Sunitha Rao: Exactly, exactly.
Joe Fairless: Well, taking a step back, what is your best real estate investing advice ever?
Sunitha Rao: It is to think outside the box. I’m paraphrasing a Steve Jobs quote that I saw somewhere, but it has to do with getting ahead. If you want to succeed or get ahead, look at what others are doing, but do it differently. And I think investing is no different. When we invest in real estate, it’s the same thing like buying a stock. You’re trying to identify a mispriced asset. And if you are looking at everything in the same way that everybody else is, if you’re looking in the same place that everybody else is, doing things the same way, you’re shooting yourself in the foot.
So that’s in terms of investing… But then also, looking at what others are doing who might have the same goal. My goal is financial independence, and I have a lot of friends in the FIRE arena; one of them was like “Yeah, you have to go to FinCon.” FinCon, for those who haven’t heard of it, the tagline is “Where money and media meet.” It’s the largest personal finance conference, geared towards those who put out financial content – financial advisors/websites etc. When he told me that, I was like “You’ve got to be out of your mind. I don’t have a website.” I didn’t have an Instagram at that point. I had three houses. I was like “What am I gonna do?” But I trusted that he knew what he was doing, because he was so much more successful. And I went, and it was one of the best decisions I could have made for my investing career. I met so many people, got so many ideas… It was amazing.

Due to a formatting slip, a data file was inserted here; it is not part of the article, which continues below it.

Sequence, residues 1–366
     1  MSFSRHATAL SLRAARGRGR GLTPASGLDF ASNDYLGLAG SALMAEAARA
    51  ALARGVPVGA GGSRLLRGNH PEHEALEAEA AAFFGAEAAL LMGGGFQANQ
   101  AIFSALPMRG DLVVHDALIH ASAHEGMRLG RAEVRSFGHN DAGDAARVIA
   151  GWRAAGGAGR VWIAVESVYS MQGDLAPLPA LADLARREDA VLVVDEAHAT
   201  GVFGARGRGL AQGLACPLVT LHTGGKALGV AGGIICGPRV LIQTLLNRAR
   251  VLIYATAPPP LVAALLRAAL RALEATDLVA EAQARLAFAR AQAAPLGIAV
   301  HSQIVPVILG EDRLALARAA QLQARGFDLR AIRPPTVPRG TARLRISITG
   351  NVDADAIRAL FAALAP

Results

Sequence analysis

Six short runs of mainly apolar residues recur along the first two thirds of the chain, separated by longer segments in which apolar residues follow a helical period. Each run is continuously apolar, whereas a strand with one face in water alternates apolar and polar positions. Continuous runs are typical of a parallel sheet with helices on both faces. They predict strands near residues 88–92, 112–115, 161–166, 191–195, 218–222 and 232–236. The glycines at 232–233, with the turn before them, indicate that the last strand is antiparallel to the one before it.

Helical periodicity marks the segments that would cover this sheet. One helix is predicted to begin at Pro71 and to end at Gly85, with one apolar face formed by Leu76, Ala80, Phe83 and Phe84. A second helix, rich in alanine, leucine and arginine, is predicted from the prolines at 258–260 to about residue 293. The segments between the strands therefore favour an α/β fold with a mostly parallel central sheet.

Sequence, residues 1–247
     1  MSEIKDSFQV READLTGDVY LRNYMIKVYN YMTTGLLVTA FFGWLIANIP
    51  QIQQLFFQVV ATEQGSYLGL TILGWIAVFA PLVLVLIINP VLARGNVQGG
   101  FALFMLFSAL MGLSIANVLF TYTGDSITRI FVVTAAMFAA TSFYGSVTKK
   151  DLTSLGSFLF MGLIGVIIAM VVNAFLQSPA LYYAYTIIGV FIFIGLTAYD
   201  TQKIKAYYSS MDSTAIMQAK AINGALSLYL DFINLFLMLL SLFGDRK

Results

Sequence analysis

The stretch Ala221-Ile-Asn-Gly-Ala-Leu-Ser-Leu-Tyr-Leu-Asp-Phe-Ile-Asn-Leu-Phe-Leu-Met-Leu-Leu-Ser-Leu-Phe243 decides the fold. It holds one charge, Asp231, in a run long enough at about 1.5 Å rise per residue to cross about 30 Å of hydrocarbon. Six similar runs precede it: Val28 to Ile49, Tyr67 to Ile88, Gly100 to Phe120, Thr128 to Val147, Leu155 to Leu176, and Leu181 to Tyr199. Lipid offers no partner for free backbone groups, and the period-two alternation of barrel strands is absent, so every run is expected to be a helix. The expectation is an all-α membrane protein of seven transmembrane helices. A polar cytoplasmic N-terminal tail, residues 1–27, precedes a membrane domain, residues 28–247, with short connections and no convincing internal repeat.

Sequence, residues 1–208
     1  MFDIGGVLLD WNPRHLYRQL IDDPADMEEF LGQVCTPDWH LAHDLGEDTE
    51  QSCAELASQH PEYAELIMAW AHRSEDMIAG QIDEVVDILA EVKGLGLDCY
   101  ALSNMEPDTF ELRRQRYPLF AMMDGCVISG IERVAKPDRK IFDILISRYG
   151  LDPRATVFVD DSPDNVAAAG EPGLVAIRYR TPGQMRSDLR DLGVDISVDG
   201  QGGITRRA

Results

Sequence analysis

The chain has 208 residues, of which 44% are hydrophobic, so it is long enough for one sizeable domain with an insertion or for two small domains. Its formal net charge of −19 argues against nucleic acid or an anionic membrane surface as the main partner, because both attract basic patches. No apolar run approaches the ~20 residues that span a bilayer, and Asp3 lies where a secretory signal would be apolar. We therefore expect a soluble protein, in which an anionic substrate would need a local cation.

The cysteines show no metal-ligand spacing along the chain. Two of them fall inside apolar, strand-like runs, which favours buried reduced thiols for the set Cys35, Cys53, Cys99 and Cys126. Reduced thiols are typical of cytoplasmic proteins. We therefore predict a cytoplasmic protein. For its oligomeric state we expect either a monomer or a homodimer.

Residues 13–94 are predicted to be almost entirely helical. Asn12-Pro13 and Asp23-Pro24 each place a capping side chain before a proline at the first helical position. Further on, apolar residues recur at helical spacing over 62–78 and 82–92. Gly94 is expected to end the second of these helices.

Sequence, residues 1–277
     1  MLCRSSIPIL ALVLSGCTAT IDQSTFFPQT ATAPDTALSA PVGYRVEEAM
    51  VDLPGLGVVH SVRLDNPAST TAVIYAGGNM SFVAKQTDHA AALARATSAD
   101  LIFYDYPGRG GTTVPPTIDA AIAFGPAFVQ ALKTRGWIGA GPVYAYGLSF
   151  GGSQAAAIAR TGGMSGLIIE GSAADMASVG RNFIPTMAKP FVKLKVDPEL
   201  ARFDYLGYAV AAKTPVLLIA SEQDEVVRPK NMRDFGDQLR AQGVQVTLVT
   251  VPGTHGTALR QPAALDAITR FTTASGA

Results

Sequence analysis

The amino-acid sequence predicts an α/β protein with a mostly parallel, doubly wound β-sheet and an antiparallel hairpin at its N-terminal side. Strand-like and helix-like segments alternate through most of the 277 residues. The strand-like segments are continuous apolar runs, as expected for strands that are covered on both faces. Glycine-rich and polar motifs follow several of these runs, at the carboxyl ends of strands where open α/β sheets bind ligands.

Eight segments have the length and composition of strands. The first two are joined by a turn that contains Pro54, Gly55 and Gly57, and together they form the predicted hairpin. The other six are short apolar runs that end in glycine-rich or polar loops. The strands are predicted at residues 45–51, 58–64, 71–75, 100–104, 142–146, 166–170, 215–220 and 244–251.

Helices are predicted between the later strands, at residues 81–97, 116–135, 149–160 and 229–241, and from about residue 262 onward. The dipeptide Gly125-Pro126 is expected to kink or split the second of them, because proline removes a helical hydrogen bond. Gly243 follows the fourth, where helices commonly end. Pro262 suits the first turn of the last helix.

So don’t be afraid to do things differently than maybe you initially saw yourself doing.
Joe Fairless: Story of your life, right? Tennis from 14 to 23, and then just making a very dramatic pivot at that point…